North Carolina lawmakers have filed legislation that could change the system of alcohol sale in the state, as a response to a recent report that evaluated the efficiency of the state’s alcohol control system.
The report was released on Feb. 11 by the General Assembly’s Program Evaluation Division. It advised lawmakers of the potential effects of changing the state’s alcohol beverage control system.
The report had four key findings. The findings showed that if North Carolina decided to change how it controls liquor sales, major modifications would be necessary, and would also have financial implications for state and local government revenues.
It also found there are opportunities to modernize North Carolina’s ABC system, for which it makes seven recommendations.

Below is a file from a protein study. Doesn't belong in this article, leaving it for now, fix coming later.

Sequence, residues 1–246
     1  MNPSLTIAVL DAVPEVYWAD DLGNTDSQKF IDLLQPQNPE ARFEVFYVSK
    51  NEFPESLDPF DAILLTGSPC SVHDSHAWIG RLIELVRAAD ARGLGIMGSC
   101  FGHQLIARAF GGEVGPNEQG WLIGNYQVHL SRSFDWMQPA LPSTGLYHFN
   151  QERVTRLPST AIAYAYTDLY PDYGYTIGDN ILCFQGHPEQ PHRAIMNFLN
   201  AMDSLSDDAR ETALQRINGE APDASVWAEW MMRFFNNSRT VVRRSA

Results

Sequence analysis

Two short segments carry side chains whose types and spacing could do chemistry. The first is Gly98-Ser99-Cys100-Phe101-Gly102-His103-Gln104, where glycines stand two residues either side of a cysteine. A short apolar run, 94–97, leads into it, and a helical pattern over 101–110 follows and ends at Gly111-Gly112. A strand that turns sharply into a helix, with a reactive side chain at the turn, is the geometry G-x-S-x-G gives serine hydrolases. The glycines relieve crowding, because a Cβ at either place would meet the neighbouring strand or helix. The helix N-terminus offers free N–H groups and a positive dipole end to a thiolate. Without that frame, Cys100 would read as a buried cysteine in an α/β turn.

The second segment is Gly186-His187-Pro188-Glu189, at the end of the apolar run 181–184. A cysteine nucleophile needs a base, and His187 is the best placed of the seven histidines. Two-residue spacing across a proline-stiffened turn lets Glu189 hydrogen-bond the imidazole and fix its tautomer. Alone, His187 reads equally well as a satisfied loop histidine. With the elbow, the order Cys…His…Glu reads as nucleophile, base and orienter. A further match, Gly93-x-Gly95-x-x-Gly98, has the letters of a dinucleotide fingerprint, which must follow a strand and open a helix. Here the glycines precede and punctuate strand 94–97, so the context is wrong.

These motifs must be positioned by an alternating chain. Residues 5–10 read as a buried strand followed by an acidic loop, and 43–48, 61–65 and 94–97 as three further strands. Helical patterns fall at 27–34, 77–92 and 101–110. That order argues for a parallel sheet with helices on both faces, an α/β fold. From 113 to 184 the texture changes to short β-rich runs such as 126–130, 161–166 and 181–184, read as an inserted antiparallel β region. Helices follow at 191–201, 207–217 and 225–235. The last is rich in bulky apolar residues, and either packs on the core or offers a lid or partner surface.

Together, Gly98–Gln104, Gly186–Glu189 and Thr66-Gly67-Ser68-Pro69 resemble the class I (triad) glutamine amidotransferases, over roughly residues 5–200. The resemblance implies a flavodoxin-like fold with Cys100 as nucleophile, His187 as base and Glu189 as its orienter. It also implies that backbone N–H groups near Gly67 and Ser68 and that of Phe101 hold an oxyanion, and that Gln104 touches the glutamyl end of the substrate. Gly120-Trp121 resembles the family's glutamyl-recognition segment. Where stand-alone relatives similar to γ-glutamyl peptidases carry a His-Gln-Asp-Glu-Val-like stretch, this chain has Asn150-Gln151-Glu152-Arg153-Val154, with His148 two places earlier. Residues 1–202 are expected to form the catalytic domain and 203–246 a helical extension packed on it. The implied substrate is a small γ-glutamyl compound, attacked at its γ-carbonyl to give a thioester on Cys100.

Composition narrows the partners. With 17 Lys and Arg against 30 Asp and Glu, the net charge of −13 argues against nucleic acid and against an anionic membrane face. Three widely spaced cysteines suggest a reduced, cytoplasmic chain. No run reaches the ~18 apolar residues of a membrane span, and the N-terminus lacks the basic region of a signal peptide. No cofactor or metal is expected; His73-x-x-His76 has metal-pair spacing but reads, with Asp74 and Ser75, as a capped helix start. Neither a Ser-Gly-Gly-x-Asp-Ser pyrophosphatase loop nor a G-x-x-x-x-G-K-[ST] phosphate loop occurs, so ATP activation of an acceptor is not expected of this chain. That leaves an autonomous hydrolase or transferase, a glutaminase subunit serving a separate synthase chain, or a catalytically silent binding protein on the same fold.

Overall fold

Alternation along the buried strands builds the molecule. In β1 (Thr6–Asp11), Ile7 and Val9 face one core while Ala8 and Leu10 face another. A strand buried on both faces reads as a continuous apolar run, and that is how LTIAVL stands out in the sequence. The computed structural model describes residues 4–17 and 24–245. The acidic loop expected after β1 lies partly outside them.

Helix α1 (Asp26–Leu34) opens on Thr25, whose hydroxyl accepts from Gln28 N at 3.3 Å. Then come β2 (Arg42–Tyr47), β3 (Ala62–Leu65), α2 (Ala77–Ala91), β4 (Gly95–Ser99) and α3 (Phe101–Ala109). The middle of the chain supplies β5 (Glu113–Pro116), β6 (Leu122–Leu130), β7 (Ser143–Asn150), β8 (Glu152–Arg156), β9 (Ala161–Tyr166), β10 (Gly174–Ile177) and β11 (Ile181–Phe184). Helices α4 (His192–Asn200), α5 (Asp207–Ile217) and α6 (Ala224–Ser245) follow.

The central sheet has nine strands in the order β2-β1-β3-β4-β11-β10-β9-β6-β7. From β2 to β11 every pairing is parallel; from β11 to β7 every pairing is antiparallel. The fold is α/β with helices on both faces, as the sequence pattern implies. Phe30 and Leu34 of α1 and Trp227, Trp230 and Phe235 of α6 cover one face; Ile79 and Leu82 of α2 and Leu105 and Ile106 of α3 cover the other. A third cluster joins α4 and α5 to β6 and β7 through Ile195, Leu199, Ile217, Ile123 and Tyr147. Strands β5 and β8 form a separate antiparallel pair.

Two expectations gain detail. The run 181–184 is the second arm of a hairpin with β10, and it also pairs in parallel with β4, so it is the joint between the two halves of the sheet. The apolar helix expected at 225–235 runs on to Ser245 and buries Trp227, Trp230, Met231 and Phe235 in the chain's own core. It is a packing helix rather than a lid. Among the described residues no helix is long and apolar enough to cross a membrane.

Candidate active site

The PED completes studies at the request of the General Assembly, and the Joint Legislative Program Evaluation Oversight Committee oversees their evaluations, said Carol Shaw, principal program evaluator for the PED and project lead for the study. The PED was asked to look into the state’s ABC system, determine if it was in need of modernization and present options for how it could most efficiently be changed.